Faith is not the only motivator of generosity, but it definitely is a significant one. However, religious freedom and the civic participation it fosters is a story lost to many in societies where the populations are becoming more secular and less religiously active. The many daily headlines that rightly, but narrowly highlight people’s concerns about religion -- ranging from clergy sex abuse to religion-related terrorism -- often miss or overlook the clear positive contributions of faith and freedom to society.
A generation ago, this wasn't the case. Most newspapers were local, and most of them had a dedicated religion section and reporters covering the local religion beat. An that's the very place where the positive contributions of faith to society are most evident, ranging from visitation of the elderly to caring for the poor to providing centers for spiritual and social enrichment. But, as news has become more driven by sensationalism, coverage of stories considered "fluff" has collapsed.
Hannah Elliot discussed the decline of local religion news nearly a decade ago, and since then, the decline in the religion beat is stark. But, this does not mean that positive dimensions go unreported. Bethany Rodgers, a reporter for the Orlando Sentinel, covered the Pew study and discussed the practical impact on central Florida in a recent article, Central Florida's faithful bolster nonprofit outreach.
Quoting the Pew study, the Orlando Sentinel notes that 45% of highly religious people — those who said they pray daily and attend weekly services – reported they had volunteered in the past week. By comparison, only 28% of others indicated they'd volunteered over that time frame. And 65% percent of the highly religious individuals said they had donated money, time or goods to the poor in the past week, compared with 41% of people who were defined as being less religious.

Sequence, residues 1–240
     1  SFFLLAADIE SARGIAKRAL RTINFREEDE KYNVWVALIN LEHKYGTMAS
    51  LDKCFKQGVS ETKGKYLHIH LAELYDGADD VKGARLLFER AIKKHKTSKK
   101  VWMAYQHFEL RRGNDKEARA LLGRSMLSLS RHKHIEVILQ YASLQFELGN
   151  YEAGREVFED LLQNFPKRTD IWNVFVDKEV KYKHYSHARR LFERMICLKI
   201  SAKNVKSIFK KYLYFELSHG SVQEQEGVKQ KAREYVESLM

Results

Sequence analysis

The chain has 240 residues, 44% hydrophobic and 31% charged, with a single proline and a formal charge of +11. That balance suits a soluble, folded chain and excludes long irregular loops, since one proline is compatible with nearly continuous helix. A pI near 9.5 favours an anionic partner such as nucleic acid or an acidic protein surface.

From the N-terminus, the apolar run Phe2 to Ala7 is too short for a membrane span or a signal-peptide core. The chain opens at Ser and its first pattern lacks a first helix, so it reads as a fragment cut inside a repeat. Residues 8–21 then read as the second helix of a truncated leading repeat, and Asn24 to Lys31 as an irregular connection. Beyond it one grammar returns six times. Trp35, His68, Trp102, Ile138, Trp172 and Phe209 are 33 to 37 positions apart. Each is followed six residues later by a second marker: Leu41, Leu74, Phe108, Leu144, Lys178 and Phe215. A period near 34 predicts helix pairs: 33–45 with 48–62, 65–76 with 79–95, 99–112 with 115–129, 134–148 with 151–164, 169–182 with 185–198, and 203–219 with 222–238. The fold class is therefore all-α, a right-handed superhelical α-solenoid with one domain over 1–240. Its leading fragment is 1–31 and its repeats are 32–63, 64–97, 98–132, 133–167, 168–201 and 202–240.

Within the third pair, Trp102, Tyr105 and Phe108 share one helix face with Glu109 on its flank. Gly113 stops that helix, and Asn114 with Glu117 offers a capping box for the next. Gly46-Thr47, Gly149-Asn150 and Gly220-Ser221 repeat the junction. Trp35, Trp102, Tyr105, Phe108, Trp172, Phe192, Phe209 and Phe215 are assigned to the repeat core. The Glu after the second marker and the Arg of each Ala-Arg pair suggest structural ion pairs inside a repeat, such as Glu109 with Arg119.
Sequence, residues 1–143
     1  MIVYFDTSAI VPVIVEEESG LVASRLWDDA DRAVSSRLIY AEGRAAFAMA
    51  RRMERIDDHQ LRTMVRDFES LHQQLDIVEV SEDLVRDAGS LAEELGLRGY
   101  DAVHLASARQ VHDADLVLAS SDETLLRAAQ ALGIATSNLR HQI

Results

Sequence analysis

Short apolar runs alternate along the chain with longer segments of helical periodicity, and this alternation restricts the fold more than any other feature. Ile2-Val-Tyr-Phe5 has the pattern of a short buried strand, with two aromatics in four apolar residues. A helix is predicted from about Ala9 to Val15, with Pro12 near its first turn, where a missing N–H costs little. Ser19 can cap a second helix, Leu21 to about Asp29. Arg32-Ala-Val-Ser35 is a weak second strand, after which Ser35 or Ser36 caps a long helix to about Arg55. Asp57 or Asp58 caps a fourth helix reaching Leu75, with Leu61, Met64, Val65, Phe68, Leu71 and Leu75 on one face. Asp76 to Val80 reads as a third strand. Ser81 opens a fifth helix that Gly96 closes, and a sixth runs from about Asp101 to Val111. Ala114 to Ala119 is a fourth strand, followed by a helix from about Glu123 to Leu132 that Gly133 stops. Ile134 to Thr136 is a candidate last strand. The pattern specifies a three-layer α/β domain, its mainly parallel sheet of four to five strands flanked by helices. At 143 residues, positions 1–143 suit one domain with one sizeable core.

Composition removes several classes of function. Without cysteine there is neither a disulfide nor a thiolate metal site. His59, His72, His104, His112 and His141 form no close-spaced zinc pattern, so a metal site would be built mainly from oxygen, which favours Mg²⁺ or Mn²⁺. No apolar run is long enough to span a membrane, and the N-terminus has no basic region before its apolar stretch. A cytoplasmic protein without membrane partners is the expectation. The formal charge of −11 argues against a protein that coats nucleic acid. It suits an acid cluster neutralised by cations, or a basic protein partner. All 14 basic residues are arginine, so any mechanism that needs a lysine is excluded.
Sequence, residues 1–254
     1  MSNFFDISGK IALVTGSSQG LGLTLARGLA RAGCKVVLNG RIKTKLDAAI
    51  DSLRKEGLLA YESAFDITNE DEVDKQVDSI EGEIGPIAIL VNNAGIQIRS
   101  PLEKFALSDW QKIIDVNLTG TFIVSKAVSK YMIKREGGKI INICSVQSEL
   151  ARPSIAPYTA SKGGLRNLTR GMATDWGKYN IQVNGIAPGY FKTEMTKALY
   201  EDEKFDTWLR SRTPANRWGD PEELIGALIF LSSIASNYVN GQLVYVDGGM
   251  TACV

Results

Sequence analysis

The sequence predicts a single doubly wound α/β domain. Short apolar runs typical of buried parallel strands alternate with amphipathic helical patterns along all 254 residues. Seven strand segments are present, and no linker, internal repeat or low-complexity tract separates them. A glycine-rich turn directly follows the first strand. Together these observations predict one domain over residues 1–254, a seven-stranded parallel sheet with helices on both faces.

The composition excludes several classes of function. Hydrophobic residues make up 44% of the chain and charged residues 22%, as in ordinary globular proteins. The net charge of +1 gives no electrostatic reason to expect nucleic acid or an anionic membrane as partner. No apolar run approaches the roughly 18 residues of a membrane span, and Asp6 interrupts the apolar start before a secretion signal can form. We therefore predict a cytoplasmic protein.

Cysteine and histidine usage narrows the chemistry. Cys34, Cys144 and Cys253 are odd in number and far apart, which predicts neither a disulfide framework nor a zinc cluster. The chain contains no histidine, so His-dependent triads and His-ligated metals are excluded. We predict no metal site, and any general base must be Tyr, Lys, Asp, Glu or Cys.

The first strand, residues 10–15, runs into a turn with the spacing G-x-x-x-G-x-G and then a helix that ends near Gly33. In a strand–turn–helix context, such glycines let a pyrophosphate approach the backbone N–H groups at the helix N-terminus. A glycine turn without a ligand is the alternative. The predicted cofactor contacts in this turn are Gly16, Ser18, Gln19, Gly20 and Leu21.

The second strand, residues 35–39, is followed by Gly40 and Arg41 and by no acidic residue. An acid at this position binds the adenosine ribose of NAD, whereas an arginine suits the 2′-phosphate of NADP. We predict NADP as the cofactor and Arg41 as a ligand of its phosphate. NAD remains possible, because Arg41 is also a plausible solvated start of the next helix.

The article notes that in the Orlando area, religious adherents are integral to the nonprofit network, according to Mark Brewer, president and chief executive officer of the Central Florida Foundation, a philanthropic organization. "We couldn't deliver a lot of human services without either faith-focused or faith-based organizations or initiatives at some of the major churches." Brewer said. For example, churches, synagogues, mosques and other congregations represent part of the Central Florida safety net, according to Brewer.
Of course, the study shows that religion, though a significant motivator of charity, is not the only motivation. The Orlando Sentinel notes that the impulse driving many religious people to volunteer might have nothing to do with belief in God, quoting Joseph Richardson, who belongs to a local group of secularists. Acts of kindness often flow from a humanist perspective that atheists and theists alike can embrace, he said. "Having this compassion and empathy for fellow human beings and understanding that they hurt and need help sometimes … that's the kind of motivation that we have for doing volunteer work," Richardson said.